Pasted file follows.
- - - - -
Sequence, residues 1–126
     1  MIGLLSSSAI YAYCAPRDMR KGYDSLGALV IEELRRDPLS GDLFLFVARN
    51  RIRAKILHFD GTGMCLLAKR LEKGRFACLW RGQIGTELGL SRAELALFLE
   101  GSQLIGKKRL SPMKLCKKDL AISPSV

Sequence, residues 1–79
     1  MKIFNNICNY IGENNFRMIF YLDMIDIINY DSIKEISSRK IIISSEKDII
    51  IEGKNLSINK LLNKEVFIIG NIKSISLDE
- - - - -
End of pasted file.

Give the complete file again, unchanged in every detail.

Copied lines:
Sequence, residues 1–126
     1  MIGLLSSSAI YAYCAPRDMR KGYDSLGALV IEELRRDPLS GDLFLFVARN
    51  RIRAKILHFD GTGMCLLAKR LEKGRFACLW RGQIGTELGL SRAELALFLE
   101  GSQLIGKKRL SPMKLCKKDL AISPSV

Sequence, residues 1–79
     1  MKIFNNICNY IGENNFRMIF YLDMIDIINY DSIKEISSRK IIISSEKDII
    51  IEGKNLSINK LLNKEVFIIG NIKSISLDE